Scientists close to new definition of the kilogram
Scientists say they are close to achieving a 200-year-old goal of creating a universal system of measurements based on stable quantities, as they progress towards changing how the kilogram is defined.
The kilogram is the only base unit in the International System of Units (SI) that is still defined by a physical object -- a prototype of platinum-iridium kept in the vaults of the International Bureau of Measurements (BIPM) in France.
The stability of the kilogram is crucial as it forms the basis from which many other units are derived.
But measurements made over more than 100 years suggest that the mass of the international prototype may have changed by about 50 microgram the size of a small grain of sand -- prompting the BIPM to try to develop a new definition based on a fundamental physical property.
Scientists will gather at the Royal Society, Britain's national academy of science, on Monday to present their progress on redefining the kilogram according to something called "the Planck constant", a fundamental constant of quantum physics.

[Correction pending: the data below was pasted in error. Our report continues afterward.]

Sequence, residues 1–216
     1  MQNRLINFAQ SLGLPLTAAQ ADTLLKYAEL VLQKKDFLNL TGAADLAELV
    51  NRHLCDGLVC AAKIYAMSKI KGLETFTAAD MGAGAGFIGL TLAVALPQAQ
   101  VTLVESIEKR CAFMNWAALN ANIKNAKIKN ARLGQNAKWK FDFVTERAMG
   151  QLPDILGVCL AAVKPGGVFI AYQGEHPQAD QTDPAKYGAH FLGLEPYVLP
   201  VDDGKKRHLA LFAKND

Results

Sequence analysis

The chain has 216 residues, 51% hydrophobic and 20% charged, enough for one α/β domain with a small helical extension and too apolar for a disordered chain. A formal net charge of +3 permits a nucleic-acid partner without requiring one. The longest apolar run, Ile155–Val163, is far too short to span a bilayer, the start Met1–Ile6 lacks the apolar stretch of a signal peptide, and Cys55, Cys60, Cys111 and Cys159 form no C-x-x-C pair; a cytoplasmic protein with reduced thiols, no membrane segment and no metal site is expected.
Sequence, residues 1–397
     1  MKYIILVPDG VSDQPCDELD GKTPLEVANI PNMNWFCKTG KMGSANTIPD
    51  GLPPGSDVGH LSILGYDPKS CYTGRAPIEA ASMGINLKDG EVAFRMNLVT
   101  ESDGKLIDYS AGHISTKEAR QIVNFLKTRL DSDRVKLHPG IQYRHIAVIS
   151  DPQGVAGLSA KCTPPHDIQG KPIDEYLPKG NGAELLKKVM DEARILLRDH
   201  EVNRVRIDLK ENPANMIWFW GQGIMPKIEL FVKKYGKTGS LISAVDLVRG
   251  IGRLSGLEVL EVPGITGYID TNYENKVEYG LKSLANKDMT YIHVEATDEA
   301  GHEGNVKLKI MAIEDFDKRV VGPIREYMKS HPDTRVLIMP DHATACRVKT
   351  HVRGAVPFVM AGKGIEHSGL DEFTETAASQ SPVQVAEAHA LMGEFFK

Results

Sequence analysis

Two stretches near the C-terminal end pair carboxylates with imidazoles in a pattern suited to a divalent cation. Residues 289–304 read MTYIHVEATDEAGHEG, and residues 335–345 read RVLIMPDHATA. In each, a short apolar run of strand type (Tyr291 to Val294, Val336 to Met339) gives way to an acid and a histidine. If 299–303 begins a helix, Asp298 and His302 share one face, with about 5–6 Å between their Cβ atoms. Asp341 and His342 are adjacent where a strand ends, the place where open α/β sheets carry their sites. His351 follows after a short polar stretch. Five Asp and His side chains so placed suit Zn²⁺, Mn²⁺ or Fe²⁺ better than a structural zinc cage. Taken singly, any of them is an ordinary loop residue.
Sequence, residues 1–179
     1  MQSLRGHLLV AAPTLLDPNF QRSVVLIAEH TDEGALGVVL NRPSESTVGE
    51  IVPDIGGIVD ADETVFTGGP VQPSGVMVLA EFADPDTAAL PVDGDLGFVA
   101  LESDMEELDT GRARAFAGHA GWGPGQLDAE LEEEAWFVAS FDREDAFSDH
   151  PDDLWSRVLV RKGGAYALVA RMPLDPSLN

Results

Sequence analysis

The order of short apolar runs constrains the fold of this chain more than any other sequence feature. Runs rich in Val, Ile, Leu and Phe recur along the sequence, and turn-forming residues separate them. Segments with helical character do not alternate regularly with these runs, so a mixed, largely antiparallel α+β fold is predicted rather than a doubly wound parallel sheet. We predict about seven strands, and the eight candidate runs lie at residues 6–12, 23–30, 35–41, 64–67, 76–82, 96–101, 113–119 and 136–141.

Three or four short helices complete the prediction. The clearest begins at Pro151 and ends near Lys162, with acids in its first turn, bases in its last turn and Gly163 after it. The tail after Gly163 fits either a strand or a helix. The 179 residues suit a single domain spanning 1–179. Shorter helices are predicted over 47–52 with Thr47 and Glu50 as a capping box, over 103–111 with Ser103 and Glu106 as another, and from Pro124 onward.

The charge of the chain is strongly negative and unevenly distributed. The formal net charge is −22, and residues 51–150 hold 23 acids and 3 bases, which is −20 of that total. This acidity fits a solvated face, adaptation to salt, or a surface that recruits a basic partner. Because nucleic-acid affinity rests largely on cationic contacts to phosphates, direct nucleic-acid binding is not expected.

"International consensus has been achieved, that in the near future the kilogram shall be redefined, based on a fixed value of the Planck constant," Michael Stock, a physicist at the International Bureau of Weights and Measurements (BIPM), said in a statement.
Stock said researchers have been conducting experiments that establish a link between mass and the Planck constant by comparing measurements of electrical and mechanical power.
But the new definition of the kilogram can't take place until the results of tests, conducted in laboratories across the world, are in agreement, he explained.
The International System of Units is the world's most widely used system of measurements for commerce and science. It is made up of seven base units -- metre, kilogram, second, ampere, kelvin, candela and mole -- each of which represents a different physical quantity.
Its origins can be traced back to 18th century France and it has been recognised internationally as the standard metric system since the 1960s.
The metre was once defined as the distance between two lines on a platinum-iridium prototype, but is now defined by the speed of light.
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